Images of Tinea Barbae (Ringworm of the Beard) Overview (6)
Tinea Barbae (Ringworm of the Beard) Overview
Tinea barbae, commonly called beard ringworm or barber’s itch, is a fungal infection of the skin, hair, and hair follicles of the beard and mustache area. Beard ringworm may be passed on by direct contact with infected people or animals, with contaminated objects, or from the soil.
Although beard ringworm is most common in men, it may also affect women who have dark, coarse hair on their faces and necks.
Sometimes severe cases of beard ringworm can result in a kerion, which appears as a thick, “boggy” or “mushy” nodule (a solid, raised bump that is firm to the touch) or plaque (a raised or bumpy area larger than a thumbnail) on the skin.
Who's At Risk?
Beard ringworm is seen almost exclusively in older teens and adult males.
Beard ringworm is more common in warm, humid climates. It is most frequently passed to humans from animals, so agricultural workers are the most commonly infected people with beard ringworm.
Signs & Symptoms
The most common locations for beard ringworm infection include the:
- Upper lip.
Beard ringworm may affect the outer surface of the skin and the hair follicles. It appears as a scaly plaque that may be small or large. In lighter skin colors, the border can be pink or red, whereas in darker skin colors, it can be dark red, purple, brown, or grayish. The central area may appear as normal skin; in other words, there is no skin color change in the center. Alternatively, small pustules (pus-filled bumps) may be seen around hair follicles in the affected skin. In the case of a kerion, you may see firm red nodules covered with pustules or scabs that may ooze blood and pus.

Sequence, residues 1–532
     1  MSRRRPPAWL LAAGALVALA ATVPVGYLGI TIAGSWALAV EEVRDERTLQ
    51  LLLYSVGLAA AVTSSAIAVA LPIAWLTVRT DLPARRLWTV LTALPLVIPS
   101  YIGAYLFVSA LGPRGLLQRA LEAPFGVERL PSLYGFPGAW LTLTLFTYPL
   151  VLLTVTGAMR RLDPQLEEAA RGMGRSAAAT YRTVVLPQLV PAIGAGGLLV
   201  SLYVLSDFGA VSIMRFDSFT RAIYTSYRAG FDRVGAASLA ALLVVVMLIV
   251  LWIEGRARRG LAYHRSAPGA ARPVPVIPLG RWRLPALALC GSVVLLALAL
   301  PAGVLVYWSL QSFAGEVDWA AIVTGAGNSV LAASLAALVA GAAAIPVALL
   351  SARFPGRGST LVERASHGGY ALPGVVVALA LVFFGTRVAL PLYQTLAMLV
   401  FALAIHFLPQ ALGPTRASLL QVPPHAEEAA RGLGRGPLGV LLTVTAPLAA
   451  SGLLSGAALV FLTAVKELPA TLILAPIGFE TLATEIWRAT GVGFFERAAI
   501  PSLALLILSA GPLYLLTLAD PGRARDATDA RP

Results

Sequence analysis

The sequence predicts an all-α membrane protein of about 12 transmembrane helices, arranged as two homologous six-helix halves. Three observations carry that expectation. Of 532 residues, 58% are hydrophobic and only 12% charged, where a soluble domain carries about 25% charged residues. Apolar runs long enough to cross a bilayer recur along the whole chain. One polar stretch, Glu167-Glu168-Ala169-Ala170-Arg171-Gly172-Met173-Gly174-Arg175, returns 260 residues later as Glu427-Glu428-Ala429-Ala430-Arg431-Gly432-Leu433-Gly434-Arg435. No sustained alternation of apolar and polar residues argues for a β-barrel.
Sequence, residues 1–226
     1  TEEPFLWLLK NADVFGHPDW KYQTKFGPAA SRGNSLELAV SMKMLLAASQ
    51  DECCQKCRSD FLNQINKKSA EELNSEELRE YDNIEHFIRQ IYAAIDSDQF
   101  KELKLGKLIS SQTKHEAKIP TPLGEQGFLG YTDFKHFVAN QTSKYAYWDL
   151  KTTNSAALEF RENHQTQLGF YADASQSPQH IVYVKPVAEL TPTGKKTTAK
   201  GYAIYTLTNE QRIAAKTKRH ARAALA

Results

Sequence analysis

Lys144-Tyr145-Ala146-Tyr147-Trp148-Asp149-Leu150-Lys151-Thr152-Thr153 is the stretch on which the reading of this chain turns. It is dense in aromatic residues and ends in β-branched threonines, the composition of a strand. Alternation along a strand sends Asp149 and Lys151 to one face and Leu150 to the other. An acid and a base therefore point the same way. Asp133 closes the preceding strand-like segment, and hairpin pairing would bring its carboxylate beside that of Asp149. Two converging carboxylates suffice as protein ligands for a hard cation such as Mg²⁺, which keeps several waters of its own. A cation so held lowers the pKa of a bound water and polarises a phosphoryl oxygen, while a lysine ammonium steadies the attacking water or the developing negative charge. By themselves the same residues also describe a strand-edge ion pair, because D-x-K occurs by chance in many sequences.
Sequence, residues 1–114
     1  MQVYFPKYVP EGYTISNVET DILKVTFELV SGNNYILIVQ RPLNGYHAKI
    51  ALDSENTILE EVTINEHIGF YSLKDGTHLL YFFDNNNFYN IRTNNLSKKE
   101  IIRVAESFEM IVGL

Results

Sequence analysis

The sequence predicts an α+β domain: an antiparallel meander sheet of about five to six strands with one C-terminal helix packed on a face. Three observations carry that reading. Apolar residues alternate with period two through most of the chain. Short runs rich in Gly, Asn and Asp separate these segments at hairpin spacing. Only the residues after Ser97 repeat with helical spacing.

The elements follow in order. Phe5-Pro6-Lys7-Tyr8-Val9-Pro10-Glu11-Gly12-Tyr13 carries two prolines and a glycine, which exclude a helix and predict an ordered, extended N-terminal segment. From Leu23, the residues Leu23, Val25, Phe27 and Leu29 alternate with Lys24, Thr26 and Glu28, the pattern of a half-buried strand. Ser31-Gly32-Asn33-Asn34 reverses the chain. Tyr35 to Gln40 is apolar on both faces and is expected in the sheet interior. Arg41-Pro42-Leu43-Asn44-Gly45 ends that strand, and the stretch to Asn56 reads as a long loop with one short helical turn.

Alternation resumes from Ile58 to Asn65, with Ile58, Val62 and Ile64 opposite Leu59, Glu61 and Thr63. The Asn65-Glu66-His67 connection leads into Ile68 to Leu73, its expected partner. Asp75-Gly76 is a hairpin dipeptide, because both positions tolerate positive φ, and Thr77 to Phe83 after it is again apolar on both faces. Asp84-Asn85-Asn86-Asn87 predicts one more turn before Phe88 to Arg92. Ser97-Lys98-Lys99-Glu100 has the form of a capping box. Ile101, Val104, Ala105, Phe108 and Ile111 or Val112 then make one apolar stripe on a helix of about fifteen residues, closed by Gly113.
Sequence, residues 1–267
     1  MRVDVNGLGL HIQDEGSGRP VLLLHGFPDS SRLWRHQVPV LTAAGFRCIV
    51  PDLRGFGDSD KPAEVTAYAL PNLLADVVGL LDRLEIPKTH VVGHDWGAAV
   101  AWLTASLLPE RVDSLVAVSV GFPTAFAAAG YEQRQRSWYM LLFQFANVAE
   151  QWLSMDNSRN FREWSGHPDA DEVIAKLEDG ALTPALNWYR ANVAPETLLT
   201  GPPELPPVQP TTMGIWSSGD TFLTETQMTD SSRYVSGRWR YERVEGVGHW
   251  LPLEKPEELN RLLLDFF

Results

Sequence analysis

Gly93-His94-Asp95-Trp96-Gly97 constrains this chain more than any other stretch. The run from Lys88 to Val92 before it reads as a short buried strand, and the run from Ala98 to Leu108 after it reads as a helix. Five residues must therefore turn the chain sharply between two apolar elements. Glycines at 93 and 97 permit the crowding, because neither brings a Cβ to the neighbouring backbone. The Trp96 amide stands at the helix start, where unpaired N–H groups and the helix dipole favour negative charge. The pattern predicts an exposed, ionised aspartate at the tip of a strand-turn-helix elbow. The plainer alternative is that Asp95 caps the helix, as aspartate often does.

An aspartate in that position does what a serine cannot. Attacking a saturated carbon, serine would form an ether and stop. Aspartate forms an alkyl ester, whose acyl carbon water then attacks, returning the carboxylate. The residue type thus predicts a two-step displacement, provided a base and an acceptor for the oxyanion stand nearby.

Beard ringworm is usually itchy. A kerion may be accompanied by fever and swollen lymph glands.
It is extremely difficult to cure beard ringworm with only over-the-counter medications; it usually requires oral prescription medications. However, if the infection has just started, you can try an over-the-counter antifungal cream or lotion for up to 2 weeks, such as:
Apply the cream to each lesion and to the skin 2 cm beyond the border of the affected area. Warm compresses can help drain pus and remove crusting on the lesions.
Stop shaving the affected area until you start treatment. Or if you must shave, use a new disposable razor each time you shave.
People often have tinea infections on more than one body part, so examine yourself for other ringworm infections, such as in the groin (tinea cruris, or jock itch), on the feet (tinea pedis, or athlete’s foot), and anywhere else on the body (tinea corporis).
Because ringworm is very contagious, avoid contact sports until lesions have been treated for at least 48 hours. Do not share towels, clothing, or other personal items with others until the lesions have cleared.
Have any household pets or farm animals evaluated by a veterinarian to make sure they do not have a fungal infection. If the veterinarian discovers an infection, be sure to have the animal(s) treated.
To confirm the diagnosis of beard ringworm, your medical professional may scrape some surface skin material (scales) or pluck an affected hair and place it onto a glass slide for examination under a microscope. This procedure, called a KOH (potassium hydroxide) preparation, allows the medical professional to look for signs of a fungal infection.
If you have many pus-filled lesions or if deeper lesions are present, your medical professional may want to perform a fungal culture to determine the particular organism causing the infection.
Beard ringworm usually requires oral antifungal pills to get rid of the infection completely, so your medical professional will likely prescribe one of the following oral medications:
- Ultramicrosize griseofulvin
Beard ringworm should go away within 4-6 weeks after using effective treatment.
If the lesions do not improve after 1 or 2 weeks of applying over-the-counter antifungal creams, see your medical professional for an evaluation.
If the affected areas are deep and tender or if you have a fever or swollen lymph glands, see your medical professional as soon as possible.
Bolognia J, Schaffer JV, Cerroni L. Dermatology. 4th ed. Philadelphia, PA: Elsevier; 2018.
James WD, Elston D, Treat JR, Rosenbach MA. Andrew’s Diseases of the Skin. 13th ed. Philadelphia, PA: Elsevier; 2019.
Kang S, Amagai M, Bruckner AL, et al. Fitzpatrick’s Dermatology. 9th ed. New York, NY: McGraw-Hill Education; 2019.
Last modified on October 23rd, 2023 at 1:56 pm
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